Watch the video to find out how the police is treating sex workers in Hungary, and the important work SZEXE does to protect the rights of sex workers.
During the night of 17th to 18th of May, Viacheslav Datsik and his supporters illegally raided a brothel (known as a “salon” in Russia) in St Petersburg where 10 sex workers were working. The salon was on the 11th Line of Vasilyevsky Island. He broke down the door and under the threat of beating the women working there he forced them to undress completely, and then took them to the police naked. He managed to carry out an attack on a similar establishment in central St Petersburg, but he was detained by the brothel’s security guards and was taken to the police station.
Silver Rose organized a strategic meeting of sex workers, which took place between the 11th and 14th of April, 2016 in Moscow. The topic of the meeting was "Community strengthening, access to prevention programs, and overcoming existing obstacles - joint actions". The strategic meeting was aimed at implementing the approach of meaningful participation, based on the need and importance of the participation of sex workers in matters relating to their health, life, safety, dignity and human rights.
Silver Rose is a sex worker-led organisation and member of NSWP and SWAN, representing sex workers and their allies. They bring together the leaders of the sex work community and their supporters. “We know what the problems of our community are and what are the solutions in the context of human rights and prevention of socially relevant diseases,” as stated on the Silver Rose website.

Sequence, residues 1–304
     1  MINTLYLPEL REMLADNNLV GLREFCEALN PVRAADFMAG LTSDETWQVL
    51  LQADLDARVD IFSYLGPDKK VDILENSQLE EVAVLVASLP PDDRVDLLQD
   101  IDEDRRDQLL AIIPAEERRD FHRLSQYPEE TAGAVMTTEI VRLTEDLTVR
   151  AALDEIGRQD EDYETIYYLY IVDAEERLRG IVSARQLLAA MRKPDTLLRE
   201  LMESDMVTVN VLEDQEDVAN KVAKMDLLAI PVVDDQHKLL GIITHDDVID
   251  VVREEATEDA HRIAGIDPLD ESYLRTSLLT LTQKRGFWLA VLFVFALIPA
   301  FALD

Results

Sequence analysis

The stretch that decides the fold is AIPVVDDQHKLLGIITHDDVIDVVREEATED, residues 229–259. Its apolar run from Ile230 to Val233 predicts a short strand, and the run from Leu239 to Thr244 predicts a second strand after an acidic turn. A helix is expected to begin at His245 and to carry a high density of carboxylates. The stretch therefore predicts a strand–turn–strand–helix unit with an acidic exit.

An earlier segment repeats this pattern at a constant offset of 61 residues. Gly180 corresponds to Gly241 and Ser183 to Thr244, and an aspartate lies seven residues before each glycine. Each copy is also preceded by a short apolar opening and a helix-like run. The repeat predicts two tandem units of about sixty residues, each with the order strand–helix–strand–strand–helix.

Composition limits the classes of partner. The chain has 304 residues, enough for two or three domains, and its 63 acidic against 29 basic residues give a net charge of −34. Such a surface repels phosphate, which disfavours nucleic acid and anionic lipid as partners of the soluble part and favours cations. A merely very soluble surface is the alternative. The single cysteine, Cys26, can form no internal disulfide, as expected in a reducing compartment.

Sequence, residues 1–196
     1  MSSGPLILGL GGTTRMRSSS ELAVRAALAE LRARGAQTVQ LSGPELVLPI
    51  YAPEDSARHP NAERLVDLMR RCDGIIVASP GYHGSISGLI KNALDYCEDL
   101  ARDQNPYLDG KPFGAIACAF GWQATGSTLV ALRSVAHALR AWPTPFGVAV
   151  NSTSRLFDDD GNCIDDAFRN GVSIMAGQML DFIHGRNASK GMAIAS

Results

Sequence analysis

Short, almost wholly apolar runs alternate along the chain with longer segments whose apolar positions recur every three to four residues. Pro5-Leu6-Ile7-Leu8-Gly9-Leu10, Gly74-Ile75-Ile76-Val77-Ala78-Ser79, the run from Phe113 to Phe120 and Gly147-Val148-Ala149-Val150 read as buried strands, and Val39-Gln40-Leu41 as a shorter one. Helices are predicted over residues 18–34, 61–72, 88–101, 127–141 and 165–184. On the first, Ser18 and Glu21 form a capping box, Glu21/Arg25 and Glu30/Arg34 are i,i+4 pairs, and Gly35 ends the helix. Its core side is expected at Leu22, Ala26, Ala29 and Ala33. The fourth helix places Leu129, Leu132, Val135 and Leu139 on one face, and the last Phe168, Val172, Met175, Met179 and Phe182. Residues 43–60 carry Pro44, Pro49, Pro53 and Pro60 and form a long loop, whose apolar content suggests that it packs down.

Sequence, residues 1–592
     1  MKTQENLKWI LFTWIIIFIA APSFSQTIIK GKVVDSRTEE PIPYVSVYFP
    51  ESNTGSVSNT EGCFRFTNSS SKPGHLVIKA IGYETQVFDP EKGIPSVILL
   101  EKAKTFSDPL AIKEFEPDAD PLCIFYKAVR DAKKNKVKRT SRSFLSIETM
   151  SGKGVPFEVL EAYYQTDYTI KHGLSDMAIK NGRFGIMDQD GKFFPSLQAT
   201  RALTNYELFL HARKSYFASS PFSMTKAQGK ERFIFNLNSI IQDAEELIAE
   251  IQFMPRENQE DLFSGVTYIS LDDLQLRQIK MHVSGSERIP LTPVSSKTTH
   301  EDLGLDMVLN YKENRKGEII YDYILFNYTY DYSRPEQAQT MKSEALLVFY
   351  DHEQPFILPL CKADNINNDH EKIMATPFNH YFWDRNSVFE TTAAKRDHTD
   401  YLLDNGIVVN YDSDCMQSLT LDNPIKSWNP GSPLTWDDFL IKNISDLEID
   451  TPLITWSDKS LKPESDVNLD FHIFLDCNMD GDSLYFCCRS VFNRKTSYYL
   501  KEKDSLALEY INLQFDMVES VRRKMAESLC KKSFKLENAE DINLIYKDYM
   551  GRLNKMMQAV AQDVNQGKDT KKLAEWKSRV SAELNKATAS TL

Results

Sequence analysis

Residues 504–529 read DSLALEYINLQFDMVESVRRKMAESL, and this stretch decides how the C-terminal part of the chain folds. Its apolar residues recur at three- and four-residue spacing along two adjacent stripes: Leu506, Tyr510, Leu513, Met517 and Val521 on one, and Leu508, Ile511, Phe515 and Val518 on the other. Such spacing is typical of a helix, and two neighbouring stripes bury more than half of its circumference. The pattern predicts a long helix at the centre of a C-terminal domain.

The French Parliament passed a bill on the 6th of April, 2016 which makes it illegal to pay for sex in France. Selling sex remains legal. The bill passed 64 to 12 in the National Assembly, France’s lower house, with 501 deputies abstaining from the vote.
Under the new law those who pay for sex will face fines of up to 1,500 Euros for the first offence, and up to 3,750 Euros for subsequent offences. They may also be required to attend a stigmatising course to raise awareness of the harms of ‘prostitution’. The law on “public solicitation” has been abolished.
Amendments to the public nuisance laws in Serbia, known as “Public Law and Order” laws, increased penalties for sex work related offences. Anti-sex work campaigners pushed the government to introduce amendments that would also punish the clients of sex workers. The new laws punishes everyone who disturbs ‘public order and peace’ including noisy neighbours, panhandling, burning pyrotechnic products, organising gambling, etc.